Updated: Travis County grand jury indicts Gov. Rick Perry

Mary Huber

Update (Aug. 16): Gov. Rick Perry addressed the grand jury's indictments at a press conference at the Texas State Capitol on Saturday, calling them a "farce."

“I intend to fight against those who would erode our state’s constitution and laws purely for political purposes, and I intend to win,” Perry said. “We don’t settle political differences with indictments in this county.”

Perry said he would explore all legal avenues to bring the issue to a close quickly. Before turning the discussion to the border, Perry defended his decision to veto legislation providing $7.5 million in state funds to the Travis County District Attorney's Public Integrity Unit, which brought about Friday's indictment.

“I wholeheartedly and unequivocally stand behind my veto and will continue to defend this lawful action of my executive authority as governor,” Perry said.

Original Story (Aug. 15): A Travis County grand jury indicted Gov. Rick Perry on felony charges of abuse of official capacity and coercion of a public servant Friday.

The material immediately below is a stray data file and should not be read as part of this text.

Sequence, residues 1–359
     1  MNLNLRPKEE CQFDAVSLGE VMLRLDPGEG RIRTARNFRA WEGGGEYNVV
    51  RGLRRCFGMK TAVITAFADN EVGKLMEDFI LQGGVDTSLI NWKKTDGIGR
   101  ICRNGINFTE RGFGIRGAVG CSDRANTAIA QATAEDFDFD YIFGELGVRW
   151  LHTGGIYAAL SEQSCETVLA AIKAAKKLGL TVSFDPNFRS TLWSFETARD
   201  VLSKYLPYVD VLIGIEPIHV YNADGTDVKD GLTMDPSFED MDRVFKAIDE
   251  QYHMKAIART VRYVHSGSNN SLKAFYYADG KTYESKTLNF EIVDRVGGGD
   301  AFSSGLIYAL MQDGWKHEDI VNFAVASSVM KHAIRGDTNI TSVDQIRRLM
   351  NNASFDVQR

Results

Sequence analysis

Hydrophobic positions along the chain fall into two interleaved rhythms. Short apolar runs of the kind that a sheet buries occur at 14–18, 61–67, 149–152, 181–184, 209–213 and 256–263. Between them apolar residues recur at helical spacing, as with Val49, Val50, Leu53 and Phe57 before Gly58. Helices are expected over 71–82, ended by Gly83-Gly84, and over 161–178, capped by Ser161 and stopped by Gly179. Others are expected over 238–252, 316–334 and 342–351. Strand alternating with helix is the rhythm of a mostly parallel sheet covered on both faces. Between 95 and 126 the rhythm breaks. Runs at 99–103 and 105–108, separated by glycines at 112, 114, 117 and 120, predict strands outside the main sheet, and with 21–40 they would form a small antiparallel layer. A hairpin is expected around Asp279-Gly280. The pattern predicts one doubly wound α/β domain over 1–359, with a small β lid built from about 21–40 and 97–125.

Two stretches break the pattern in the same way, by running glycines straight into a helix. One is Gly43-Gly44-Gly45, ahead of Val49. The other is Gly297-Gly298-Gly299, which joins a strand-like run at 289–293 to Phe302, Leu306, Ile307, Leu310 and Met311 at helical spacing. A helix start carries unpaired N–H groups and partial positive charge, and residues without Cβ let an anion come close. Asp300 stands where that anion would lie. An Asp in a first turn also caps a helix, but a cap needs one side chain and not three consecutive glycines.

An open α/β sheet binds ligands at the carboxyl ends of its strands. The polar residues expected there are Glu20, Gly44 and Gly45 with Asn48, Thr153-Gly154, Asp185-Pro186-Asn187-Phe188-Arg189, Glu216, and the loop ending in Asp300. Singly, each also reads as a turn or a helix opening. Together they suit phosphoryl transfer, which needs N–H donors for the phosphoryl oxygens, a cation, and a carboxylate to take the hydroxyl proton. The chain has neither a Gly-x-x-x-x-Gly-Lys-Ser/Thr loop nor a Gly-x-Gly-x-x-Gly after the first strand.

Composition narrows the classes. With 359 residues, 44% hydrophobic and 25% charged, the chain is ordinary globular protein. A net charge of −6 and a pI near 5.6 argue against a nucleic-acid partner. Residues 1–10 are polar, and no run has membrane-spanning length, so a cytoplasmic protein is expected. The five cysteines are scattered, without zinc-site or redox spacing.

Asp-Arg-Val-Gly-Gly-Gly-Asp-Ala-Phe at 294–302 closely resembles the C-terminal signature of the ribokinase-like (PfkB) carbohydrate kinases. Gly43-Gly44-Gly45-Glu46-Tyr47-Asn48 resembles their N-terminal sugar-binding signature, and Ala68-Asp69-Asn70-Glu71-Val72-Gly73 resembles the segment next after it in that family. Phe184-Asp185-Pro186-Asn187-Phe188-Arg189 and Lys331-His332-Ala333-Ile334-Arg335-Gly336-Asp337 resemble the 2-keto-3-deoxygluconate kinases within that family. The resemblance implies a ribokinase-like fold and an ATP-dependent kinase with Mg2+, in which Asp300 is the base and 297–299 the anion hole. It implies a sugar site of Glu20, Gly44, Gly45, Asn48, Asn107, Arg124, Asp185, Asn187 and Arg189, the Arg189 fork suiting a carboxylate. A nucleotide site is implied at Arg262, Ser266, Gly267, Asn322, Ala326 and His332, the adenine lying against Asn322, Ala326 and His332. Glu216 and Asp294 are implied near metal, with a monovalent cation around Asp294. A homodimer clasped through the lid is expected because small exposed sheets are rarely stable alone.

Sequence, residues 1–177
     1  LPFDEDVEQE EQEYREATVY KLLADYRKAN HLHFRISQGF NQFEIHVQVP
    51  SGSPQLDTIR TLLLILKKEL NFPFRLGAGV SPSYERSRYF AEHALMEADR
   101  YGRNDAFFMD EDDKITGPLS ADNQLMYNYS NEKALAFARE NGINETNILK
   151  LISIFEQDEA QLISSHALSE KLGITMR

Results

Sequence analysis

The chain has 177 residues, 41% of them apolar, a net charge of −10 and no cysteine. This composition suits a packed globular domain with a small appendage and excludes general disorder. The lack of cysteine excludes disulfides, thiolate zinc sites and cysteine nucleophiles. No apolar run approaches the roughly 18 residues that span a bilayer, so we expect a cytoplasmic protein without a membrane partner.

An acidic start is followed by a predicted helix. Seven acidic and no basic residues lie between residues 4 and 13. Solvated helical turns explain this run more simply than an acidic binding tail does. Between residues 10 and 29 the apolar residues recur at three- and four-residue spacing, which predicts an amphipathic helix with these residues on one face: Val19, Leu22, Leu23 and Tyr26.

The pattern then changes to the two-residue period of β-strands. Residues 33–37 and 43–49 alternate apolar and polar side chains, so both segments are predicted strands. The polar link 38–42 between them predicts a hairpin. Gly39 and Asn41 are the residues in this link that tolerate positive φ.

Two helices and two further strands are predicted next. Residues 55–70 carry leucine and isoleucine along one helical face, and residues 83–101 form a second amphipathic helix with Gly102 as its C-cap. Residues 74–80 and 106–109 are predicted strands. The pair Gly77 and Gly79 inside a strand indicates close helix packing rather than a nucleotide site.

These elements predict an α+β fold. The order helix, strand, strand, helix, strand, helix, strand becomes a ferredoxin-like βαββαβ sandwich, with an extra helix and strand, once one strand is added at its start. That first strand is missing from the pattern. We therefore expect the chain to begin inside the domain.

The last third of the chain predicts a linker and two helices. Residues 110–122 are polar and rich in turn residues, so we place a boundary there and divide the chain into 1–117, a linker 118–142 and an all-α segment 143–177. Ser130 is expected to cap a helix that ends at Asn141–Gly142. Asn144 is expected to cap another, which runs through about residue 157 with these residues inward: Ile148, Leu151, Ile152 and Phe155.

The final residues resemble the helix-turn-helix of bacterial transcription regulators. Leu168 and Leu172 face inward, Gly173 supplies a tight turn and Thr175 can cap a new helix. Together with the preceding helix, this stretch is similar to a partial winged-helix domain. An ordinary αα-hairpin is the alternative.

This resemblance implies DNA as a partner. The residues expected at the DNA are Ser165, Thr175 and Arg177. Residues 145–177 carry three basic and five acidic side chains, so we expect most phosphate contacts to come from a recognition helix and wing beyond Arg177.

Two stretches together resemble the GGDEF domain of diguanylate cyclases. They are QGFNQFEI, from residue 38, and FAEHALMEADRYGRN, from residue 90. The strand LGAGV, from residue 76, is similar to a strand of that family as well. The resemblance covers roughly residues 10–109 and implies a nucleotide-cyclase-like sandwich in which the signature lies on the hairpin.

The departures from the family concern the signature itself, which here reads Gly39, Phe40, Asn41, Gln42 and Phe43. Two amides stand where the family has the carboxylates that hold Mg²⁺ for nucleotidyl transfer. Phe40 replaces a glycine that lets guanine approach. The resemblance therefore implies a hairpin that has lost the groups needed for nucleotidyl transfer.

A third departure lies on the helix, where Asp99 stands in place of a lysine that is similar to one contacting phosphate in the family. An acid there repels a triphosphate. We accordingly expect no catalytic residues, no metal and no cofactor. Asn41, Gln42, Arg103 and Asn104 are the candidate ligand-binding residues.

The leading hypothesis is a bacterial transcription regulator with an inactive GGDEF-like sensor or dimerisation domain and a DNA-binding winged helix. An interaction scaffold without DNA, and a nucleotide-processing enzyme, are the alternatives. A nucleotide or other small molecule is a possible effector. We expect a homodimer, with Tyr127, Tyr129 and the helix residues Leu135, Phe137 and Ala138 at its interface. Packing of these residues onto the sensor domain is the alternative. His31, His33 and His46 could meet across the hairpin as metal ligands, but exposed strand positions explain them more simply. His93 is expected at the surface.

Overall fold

The charges against Perry carry punishments of 5-99 years and 2-10 years, respectively, each with fines of up to $10,000.

The charges are related to Perry’s attempts to force the resignation of Travis County District Attorney Rosemary Lehmberg after she was arrested for drunken driving in April 2013.

Perry vetoed legislation in June 2013 that would provide $7.5 million in state funds to the district attorney's public integrity unit. He had previously threatened to take such actions against her.

“I cannot in good conscience support continued state funding for an office with statewide jurisdiction at a time when the person charged with ultimate responsibility of that unit has lost the public’s confidence,” Perry said at the time.  

The Texas Democrats have called for Perry to step down, saying he “has brought dishonor to his office, his family and the state of Texas," in a statement on its website.

Perry, who has served as governor since 2000, decided not to seek reelection and will leave the position when his term ends in January.